Two 6.4-m (21-ft) diameter Robbins Main Beam TBMs were launched in winter 2009-2010 beneath Chongqing, China–a mega-city of more than 35 million people. The two machines are excavating twin 12 km (7.5 mi) long tunnels for Line 6 of the Chongqing Metro, and are the first hard rock TBMs to be used in the city.
Each machine is boring under sections of very low cover ranging from 10 to 60 m (33 to 197 ft) in sandstone from 12 to 50 MPa (1,700 to 7,300 psi) UCS. The geology requires a ground support program of rock bolts, ring beams every 750 mm (2.5 ft), and wire mesh in the L1 area, as well as shotcrete in the L2 area.
The ground support is particularly difficult given the tunnel alignment. “Installing ring beams throughout the tunnel and rock bolting while negotiating tight vertical and horizontal curves at good production rates is a challenge not to be underestimated,” said Steve Chorley, Robbins International Field Service Manager. Several curves with radii as small as 400 m (1,300 ft) are present along the tunnel alignment.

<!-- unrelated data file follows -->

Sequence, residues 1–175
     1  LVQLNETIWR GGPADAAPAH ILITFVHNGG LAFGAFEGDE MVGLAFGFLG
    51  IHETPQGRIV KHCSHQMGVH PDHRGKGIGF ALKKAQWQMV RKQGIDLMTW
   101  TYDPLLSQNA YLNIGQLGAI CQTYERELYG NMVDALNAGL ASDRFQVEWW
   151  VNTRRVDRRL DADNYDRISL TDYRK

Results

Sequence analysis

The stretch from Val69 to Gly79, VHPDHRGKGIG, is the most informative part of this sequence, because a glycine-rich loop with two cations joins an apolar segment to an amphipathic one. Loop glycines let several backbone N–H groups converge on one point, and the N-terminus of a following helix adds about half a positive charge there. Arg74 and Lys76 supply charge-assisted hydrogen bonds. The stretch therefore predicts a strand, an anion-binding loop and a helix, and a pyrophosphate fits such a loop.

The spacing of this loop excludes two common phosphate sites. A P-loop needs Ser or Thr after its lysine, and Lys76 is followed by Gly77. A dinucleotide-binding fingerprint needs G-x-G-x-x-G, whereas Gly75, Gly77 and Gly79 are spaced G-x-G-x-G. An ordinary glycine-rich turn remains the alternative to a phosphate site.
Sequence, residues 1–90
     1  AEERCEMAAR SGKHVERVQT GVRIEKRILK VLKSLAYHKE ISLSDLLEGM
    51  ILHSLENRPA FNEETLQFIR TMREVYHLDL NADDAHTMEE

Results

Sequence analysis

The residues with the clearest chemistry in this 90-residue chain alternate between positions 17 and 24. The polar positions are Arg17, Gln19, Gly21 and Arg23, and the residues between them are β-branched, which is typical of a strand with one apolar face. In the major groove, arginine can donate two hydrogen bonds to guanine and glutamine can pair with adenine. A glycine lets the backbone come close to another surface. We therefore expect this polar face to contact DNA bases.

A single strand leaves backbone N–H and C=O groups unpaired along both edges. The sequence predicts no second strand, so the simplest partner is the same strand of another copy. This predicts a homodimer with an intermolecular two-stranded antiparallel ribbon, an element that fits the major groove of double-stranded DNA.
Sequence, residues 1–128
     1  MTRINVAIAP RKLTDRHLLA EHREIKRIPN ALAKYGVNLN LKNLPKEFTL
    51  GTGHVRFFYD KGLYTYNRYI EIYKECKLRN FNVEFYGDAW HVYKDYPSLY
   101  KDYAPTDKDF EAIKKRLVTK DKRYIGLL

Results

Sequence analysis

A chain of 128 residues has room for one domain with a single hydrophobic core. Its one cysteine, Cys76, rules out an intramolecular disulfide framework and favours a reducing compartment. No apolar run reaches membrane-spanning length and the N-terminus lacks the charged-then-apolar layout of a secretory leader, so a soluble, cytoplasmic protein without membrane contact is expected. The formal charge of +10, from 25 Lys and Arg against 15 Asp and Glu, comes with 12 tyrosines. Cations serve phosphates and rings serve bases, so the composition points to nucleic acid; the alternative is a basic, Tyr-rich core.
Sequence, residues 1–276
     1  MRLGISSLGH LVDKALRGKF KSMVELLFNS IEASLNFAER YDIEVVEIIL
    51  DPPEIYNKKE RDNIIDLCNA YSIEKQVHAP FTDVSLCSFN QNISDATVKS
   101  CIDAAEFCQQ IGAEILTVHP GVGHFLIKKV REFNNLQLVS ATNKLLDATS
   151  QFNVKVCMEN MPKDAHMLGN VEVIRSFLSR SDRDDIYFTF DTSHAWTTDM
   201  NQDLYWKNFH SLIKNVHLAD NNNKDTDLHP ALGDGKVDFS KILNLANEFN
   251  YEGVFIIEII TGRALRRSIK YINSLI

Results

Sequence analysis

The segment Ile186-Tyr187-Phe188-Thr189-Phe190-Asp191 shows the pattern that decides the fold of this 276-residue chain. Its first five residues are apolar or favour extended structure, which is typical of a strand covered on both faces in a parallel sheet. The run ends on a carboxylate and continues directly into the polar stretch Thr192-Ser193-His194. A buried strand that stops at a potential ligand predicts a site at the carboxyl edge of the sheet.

Specially designed back-up systems are also being used to deal with any water inflows during excavation. The back-ups are raised 1.2 m (3.9 ft) above the invert on a steel structure, allowing room for double-track muck cars to remove muck and transport ground support materials behind the machine. Any groundwater flows under the machine through the tunnel invert.
Both High Performance (HP) TBMs started up from a common portal after shop assembly in Chongqing. The first machine was moved through the start chamber on a specially designed walking cradle, and began cutting rock on December 11. The second machine was launched a month later. As of late February 2010, the two machines had excavated 800 m and 420 m (2,600 and 1,400 ft), respectively, starting under about 20 m (65 ft) of cover.
During tunneling, the Robbins walking cradle system allows the TBMs to be moved forward through eight cut and cover station sites. The system minimizes stoppage time associated with attaching transportation dollies or other walking equipment, and allows the machines to instead move directly onto the cradle once entering the station.
The tunnels are the first new lines to be excavated for the city’s metro system, which is planned to include a network of nine rail routes and approximately 30 km (18 mi) of tunnels excavated by both TBM and drill and blast. The routes will be both above and below ground to accommodate the hilly terrain of the city. Currently, Chongqing relies on buses for the majority of its public transportation.